Das is gut ??
Taking advantage of some very cheap flights, we took off to Berlin for a few nights over my birthday last month. We came out to see a friend as he recently moved to the city for work. Wow, his apartment is spectacular. Check out the JLL Residential Development Germany website if you want to see what I’m talking about. Wasn’t really sure what to expect from the city other than what was on Rick Stein’s Long Weekends, but five nights in the German capital consisted entirely of eating and drinking to absolute capacity, and well not a lot else really. We’re just not the type to visit the Holocaust Museum while on holiday. I never really get that ?????
Berlin is an expansive city, so we got tons of recommendations from hole in the wall kebab joints, right up to 2-starred places. We did it on a relative budget, so the below are mostly low cost, but while Berlin might not be quite as international as some other similar cities, it’s so large it should have something for everyone. Much of it is of a pretty good basic standard, too.
One big thank you to Per for the fantastic resource that is Berlin Food Stories which guided us through out much of the trip ?? So aside from the multitude of currywursts available, here’s some of my highlights from our trip, and a to-do if you’re heading over there anytime soon – enjoy.
When asking for general recommendations, there was one that came up time and time again, and is really the epitome of how the pervasive German street food culture works. Burgermeister is a small chain of burger takeouts which offers cracking patties, fries, beer, and not much else.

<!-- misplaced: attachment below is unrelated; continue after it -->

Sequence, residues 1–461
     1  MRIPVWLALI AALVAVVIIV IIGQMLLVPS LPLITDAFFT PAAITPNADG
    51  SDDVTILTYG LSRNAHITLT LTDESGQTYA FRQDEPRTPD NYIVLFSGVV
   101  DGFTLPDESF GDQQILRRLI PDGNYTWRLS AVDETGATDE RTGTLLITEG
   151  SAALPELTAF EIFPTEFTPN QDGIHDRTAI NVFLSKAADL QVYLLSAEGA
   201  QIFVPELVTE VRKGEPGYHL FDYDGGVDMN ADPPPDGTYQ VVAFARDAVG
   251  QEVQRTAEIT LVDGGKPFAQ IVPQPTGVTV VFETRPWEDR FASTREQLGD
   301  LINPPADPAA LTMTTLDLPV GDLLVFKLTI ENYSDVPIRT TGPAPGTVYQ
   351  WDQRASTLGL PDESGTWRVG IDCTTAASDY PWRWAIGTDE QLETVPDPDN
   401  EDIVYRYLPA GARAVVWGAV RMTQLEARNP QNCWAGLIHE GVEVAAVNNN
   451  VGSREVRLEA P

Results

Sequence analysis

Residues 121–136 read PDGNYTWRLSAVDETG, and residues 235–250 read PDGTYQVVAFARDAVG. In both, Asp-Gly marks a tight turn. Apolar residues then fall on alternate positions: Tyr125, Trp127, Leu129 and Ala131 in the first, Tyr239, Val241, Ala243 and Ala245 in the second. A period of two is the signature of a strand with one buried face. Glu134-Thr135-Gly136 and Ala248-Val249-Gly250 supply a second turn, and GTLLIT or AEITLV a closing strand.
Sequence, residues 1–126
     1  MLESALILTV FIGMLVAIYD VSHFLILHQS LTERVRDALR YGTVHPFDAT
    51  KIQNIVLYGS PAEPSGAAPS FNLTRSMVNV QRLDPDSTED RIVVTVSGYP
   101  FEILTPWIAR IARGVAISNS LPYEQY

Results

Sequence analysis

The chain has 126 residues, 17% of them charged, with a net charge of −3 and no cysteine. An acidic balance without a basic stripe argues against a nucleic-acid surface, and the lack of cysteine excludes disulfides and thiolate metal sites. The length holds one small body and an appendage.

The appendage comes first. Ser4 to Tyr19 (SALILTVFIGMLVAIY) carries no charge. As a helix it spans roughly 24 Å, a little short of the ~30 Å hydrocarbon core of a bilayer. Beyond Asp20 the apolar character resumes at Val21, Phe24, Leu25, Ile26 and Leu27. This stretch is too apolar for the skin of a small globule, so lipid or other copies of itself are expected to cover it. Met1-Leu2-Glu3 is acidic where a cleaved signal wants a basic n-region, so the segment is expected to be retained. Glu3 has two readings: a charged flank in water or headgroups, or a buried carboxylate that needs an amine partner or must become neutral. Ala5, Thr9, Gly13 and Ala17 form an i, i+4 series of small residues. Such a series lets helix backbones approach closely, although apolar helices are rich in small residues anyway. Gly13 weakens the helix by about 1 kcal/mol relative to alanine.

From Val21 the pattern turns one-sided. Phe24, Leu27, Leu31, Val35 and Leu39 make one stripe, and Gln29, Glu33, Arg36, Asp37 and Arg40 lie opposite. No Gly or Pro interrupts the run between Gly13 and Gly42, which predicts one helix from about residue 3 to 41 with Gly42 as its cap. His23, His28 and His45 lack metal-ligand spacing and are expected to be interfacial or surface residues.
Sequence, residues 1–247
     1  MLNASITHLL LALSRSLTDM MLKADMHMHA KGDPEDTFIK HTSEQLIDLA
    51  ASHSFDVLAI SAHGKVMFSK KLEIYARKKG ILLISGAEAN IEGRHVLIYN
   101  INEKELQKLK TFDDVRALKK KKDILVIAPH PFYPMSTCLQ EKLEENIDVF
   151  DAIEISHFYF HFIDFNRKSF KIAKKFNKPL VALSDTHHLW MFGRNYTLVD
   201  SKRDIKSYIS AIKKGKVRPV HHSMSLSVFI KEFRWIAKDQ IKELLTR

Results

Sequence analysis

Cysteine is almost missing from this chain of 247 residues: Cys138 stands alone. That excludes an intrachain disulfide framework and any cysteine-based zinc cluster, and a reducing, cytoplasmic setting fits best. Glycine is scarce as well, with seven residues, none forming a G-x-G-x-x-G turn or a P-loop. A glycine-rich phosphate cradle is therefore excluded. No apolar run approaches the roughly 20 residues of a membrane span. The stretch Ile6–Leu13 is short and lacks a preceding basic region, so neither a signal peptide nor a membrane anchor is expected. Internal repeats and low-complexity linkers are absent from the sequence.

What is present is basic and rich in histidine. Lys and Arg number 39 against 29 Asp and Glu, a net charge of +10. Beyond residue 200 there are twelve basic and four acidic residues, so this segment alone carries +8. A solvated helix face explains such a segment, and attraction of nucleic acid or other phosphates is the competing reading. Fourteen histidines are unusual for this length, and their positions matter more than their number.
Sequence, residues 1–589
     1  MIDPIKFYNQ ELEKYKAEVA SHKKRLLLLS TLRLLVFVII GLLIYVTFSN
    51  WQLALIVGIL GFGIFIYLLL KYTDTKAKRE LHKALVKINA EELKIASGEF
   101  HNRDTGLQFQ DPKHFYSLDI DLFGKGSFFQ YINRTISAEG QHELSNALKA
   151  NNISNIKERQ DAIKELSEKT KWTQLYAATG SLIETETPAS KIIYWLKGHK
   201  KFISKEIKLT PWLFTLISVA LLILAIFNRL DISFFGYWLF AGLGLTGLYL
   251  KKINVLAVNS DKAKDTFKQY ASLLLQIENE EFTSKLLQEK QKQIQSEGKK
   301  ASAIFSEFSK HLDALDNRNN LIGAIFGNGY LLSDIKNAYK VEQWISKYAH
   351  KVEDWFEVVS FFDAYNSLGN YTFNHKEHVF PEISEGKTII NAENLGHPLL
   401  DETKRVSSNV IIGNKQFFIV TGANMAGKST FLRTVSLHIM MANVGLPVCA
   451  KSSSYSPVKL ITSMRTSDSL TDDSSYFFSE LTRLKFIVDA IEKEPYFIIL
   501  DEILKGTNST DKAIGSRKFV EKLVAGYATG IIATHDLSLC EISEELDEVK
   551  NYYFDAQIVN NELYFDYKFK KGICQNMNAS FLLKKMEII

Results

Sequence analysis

There’s no tables, lines get pretty long (but move quickly), but for the €6-7 that the burgers are, totally worth a 10 minute wait.
Get the meisterburger, some fries (also spot on), and this damn good malty German beer for around €12 all in. More than enough to sustain you for an afternoon, and a bloody good burger. Worth a diversion, especially after one too many steins. Drinking on the streets in Germany is incredibly not frowned upon, so knock yourself out.
Nearest U-Bahn: Kottbusser Tor / Schlesisches Tor
Craft beer hasn’t necessarily gone full steam ahead in Berlin yet – the traditional German beers are notoriously hard to displace. Solid though they are, there’s not a huge amount of style/variation. Berlin does, however, hold plenty for the more more discerning beer drinker who needs some hops.
I couldn’t help but notice a Mikkeller bar not too far from the central area of Mitte. They’ve got about two dozen beers on tap – all of a high quality as you’d expect; about half of Mikkeller’s own, and half guest taps. This week featured, of all things a Wylam Brewery takeover ?. Not cheap, but you’ll struggle to find a better beer in the city. If the shutters are open, or you can grab one of the outside tables, you’re sorted. Really, the kind of little bar we could learn a lot from here at home.
Nearest U-Bahn: U Rosenthaler
Mogg & Melzer
One recommendation that came up a few times was simply The Reuben at this converted old girl’s school deli/cafe/late night space. Have a gander at this…